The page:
Homespun knowledge

Scientists if willing, have a wealth of first-hand information or folklore to aid them in their investigations and research.

Whether it is knowledge from Inuit of the Arctic or fishermen on Lake Winnipeg, scientists are coming to appreciate information about conditions that existed in the past in order to come to a greater understanding of what is now occurring.

Inuit hunters are able to tell scientists investigating climate change about the prior extent and composition of the Arctic ice pack, while Lake Winnipeg fishermen can relate information to scientists on the growth of algae blooms observed while plying their trade on  the lake over the years.

Lake Winnipeg fishermen often come to understand the nuances of the lake, an invaluable tool for the scientists researching how pollution is contributing to the massive algae blooms that have become such a concern in recent years. 

Algae has always been present during the summer months on Lake Winnipeg. Although the extent of the blooms have varied considerably over time, only in recent years have the blooms increased in size and persistence. The causes are varied — from agricultural chemical run-off to municipal waste — but scientists are now paying greater attention to people with an intimate knowledge.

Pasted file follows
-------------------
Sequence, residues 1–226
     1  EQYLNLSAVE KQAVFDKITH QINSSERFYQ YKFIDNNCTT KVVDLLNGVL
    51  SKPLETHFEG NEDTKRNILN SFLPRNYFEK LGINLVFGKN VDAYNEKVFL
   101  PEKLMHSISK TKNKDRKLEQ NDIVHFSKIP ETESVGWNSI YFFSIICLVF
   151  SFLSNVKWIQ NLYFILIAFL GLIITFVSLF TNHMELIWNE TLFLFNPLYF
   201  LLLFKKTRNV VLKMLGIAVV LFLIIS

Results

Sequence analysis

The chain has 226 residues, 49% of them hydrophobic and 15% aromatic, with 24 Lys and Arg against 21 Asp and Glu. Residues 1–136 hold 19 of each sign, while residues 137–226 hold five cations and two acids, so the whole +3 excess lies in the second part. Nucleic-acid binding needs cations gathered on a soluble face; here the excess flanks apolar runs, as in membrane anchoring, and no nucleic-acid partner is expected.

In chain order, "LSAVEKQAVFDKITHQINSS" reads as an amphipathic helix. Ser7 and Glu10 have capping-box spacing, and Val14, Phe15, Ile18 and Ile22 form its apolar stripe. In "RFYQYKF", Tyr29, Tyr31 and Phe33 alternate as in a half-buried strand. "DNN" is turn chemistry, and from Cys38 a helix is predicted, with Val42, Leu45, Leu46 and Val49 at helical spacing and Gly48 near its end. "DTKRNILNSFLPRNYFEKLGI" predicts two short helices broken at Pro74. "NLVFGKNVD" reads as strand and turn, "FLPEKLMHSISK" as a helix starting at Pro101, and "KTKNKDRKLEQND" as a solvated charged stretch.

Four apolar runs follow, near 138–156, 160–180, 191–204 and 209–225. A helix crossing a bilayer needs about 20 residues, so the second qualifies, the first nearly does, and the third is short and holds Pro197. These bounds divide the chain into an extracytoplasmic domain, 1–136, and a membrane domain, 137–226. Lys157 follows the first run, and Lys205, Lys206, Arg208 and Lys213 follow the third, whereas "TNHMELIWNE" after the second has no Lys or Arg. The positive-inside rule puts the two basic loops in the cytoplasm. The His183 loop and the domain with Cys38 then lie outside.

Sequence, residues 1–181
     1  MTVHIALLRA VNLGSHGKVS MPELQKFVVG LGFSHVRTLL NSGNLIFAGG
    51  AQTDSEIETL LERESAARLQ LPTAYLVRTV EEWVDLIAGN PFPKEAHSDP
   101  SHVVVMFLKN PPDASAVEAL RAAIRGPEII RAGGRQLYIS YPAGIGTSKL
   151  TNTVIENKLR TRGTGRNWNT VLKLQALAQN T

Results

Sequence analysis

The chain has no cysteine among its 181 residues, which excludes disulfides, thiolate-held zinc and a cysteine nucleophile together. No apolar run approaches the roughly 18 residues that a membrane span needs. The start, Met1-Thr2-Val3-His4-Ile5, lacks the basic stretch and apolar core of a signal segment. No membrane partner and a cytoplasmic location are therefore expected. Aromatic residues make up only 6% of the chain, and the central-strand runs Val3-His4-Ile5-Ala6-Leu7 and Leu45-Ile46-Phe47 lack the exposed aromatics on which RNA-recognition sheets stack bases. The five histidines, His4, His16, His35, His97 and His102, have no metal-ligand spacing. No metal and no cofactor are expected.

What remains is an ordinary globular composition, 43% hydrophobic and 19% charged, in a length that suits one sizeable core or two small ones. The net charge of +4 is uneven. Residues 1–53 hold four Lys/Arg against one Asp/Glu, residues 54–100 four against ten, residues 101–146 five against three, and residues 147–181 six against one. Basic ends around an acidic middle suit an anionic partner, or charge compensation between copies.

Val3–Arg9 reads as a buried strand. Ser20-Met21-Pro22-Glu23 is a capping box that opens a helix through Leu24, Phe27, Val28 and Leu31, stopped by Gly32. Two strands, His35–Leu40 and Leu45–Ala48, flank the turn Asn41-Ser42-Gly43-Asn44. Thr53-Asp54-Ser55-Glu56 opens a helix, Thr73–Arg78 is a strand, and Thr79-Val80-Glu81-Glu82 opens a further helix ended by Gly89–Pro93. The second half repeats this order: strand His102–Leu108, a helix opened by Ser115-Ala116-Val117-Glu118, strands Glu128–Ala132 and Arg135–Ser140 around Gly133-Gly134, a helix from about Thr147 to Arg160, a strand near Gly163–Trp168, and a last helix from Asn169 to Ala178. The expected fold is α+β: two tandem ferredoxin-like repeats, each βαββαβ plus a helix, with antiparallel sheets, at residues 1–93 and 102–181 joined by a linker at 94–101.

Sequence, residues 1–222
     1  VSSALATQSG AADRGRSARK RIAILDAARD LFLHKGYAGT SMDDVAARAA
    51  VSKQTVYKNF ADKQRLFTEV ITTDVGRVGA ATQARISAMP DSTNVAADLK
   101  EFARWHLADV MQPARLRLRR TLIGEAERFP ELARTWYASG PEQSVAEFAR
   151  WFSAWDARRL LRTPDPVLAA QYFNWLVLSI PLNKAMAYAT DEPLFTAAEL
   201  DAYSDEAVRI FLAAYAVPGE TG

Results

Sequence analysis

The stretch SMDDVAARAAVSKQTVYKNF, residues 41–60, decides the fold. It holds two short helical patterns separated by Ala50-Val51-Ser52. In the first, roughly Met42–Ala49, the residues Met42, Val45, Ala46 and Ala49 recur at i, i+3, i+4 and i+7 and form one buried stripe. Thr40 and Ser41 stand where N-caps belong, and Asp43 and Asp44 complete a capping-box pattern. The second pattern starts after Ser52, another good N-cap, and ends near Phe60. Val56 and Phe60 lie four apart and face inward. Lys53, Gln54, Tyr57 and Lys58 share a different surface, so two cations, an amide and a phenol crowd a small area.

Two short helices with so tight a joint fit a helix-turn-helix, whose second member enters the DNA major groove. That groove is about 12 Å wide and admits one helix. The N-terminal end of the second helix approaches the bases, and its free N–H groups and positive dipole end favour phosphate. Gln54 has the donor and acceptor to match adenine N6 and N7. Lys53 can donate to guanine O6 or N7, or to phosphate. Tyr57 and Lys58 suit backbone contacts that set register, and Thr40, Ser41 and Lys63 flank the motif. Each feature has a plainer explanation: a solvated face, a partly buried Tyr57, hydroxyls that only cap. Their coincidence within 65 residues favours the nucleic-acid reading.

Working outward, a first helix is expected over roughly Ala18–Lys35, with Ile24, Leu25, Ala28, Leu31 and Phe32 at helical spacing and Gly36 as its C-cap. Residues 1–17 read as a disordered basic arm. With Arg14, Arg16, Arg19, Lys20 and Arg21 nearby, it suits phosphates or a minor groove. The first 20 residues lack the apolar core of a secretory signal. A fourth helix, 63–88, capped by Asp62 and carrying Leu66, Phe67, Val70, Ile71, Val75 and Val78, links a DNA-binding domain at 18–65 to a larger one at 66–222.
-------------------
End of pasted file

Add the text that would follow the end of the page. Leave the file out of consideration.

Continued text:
Recent articles in the Winnipeg Free Press by Kevin  Rollason and the Interlake Spectator by John Coward, reported on the observations of Halli Jonasson, a long-time Riverton-area trapper and fisherman, who has developed an interesting theory about modern-day changes that have affected the water flow between the north and south basins of Lake Winnipeg.

Jonasson has argued that the Hecla Island causeway, completed by the provincial government in 1972, has adversely affected currents between the basins, contributing to both soil erosion in the south basin and the algae accumulation.

During a recent public forum to discuss the impact of the causeway on shorelines and water quality as reported by the Spectator, Jonasson said algae “as thick as a mat are being trapped by the causeway.”

“They’ve changed the complete cycle of Mother Nature,” he said. “It’s a disgrace.”

Jonasson said the causeway has turned Hecla island into a giant dam causing eddies that are eroding the  shoreline south of Hecla. Compounding the erosion is Manitoba Hydro’s regulation of  the lake water level — this by damming the north’s great rivers. At Grand Rapids, a dam holds back the Saskatchewan River, while an outlet into the Nelson River prevents the natural northward flushing of the lake. Manitoba Hydro blocks the natural flow of water out of the lake during the summer to create a giant reservoir (all of Lake Winnipeg) for the generation of electricity during the winter.

Research, compiled using core samples taken in 1994 of lake sediment, was used to confirm there had been a deterioration in the quality of the water used by the communities of Norway House, Nelson House, Split Lake, Cross Lake and York Landing which resulted in Manitoba Hydro being obliged to pay as much as $70 million in compensation.